Midwest Living Review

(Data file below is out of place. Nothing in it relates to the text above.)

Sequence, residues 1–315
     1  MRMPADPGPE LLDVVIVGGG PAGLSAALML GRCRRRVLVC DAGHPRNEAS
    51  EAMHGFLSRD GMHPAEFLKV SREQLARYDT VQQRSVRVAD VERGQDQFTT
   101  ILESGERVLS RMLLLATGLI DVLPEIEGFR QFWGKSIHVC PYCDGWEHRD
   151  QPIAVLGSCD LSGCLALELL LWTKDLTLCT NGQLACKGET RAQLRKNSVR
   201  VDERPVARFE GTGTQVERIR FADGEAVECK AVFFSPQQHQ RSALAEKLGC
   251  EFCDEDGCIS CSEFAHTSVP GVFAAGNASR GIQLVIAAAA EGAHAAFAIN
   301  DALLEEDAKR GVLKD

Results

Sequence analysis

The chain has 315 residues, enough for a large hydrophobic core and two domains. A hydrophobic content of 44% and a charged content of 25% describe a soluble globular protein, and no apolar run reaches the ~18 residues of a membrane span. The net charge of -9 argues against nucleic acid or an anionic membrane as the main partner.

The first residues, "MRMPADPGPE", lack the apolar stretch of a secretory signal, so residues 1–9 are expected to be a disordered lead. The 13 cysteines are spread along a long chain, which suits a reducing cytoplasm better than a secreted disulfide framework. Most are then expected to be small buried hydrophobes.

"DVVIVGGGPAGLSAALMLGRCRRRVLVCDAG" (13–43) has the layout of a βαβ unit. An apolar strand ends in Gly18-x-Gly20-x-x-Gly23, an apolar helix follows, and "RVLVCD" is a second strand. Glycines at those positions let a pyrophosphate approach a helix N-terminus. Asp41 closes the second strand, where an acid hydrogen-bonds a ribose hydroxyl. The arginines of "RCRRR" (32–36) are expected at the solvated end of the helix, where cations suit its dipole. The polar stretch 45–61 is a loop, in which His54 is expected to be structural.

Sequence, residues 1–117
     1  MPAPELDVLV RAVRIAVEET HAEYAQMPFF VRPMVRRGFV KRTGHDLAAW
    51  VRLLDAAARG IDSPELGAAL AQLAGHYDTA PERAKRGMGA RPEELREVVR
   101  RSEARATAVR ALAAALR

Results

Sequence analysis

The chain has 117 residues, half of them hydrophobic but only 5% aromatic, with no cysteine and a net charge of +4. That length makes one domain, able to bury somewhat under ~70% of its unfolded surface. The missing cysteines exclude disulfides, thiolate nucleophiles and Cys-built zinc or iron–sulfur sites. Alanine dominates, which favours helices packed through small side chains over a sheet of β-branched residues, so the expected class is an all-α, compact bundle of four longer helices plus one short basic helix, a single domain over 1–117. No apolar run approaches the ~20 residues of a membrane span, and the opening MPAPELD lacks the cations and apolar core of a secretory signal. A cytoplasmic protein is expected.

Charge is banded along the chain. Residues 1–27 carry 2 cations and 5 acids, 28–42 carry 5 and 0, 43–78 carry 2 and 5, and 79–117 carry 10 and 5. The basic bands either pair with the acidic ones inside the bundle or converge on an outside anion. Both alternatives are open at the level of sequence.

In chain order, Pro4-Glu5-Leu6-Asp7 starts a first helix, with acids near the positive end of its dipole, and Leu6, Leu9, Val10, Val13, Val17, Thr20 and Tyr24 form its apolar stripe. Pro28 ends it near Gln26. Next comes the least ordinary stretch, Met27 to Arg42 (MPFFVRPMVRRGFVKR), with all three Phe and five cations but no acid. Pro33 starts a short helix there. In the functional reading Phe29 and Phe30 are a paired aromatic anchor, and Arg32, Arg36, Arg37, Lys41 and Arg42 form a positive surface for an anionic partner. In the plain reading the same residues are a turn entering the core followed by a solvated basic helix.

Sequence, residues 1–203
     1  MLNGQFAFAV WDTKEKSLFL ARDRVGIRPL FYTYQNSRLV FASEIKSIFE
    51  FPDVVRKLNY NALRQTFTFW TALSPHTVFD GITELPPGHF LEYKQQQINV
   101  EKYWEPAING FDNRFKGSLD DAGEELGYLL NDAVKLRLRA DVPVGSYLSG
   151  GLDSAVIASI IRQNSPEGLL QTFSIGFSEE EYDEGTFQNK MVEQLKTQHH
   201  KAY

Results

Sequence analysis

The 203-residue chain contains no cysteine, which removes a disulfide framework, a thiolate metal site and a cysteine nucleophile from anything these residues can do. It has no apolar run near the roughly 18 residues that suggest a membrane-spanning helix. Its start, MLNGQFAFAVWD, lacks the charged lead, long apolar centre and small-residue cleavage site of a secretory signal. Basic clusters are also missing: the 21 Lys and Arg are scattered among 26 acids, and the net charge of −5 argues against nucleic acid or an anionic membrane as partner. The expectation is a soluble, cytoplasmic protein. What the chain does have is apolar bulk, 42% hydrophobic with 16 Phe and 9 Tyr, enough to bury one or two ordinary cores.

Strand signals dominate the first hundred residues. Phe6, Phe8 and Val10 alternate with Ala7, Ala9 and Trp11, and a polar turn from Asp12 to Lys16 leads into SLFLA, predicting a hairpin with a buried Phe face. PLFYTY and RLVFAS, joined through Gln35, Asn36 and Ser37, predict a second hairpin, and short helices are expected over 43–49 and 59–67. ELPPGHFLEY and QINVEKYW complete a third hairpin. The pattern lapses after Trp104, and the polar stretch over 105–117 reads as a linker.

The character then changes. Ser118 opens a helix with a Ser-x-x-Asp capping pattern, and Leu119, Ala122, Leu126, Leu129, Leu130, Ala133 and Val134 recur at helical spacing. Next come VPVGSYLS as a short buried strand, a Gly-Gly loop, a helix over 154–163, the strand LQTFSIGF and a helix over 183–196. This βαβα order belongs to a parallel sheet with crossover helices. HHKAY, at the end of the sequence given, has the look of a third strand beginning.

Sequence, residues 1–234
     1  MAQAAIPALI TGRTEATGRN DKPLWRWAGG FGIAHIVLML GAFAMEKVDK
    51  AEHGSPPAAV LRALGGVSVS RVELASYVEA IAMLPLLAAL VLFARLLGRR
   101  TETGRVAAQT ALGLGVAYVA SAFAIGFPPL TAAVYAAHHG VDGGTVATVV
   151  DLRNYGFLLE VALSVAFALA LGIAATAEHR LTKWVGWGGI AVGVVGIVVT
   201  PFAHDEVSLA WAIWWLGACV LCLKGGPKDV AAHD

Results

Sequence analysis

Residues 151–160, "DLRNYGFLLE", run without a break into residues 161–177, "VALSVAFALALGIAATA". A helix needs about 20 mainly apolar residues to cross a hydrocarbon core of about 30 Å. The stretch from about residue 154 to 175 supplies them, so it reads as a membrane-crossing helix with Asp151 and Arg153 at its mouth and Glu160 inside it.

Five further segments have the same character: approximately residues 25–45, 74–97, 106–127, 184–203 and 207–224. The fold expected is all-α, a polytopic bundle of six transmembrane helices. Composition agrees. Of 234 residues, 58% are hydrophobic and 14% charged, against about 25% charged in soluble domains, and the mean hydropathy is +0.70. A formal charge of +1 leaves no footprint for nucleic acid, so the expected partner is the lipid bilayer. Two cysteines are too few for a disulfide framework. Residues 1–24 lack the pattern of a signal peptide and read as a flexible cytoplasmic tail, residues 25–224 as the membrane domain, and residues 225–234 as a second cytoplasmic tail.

It's easy to imagine you're sitting at a sidewalk cafe in Paris at Simonsen's Bakery: an eclair, a hot cup of coffee, the sun on your face, the buzz of traffic on Bridge Street. The only thing missing, really, is that oh-so-French whiff of cigarette smoke,replaced here by the much more pleasant breezes off Round Lake and Lake Michigan. The chef-owner, trained at Le Cordon Bleu, is clearly a Francophile and has gone to great lengths to infuse his business with the spirit of Old Paris. Framed photos and paintings of French landmarks hang behind the counter (as do his prominently displayed diplomas and certificates). Fans of French cuisine will recognize many of the treats in the bake case, including an exquisite apple tart with thin slices fanned out like flowers. But many of the desserts will appeal to more traditional American palates, too: cupcakes with swirls of buttercream, cookies, tall layer cakes and "pecan cuddle" candies. One particular specialty are Simonsen's unusual fruit-filled scones, an envelope of pastry folded around a jam-like center. We tried a cherry version and found it a bit dry, but it went nicely with coffee. Simonsen's also offers a cafe menu with breakfast and lunch fare. We didn't try any menu items on our most recent visit, but a Belgian waffled looked most enticing -- especially when eaten out on the sidewalk, basking in the sun, newspaper in hand and (perhaps?) beret on head.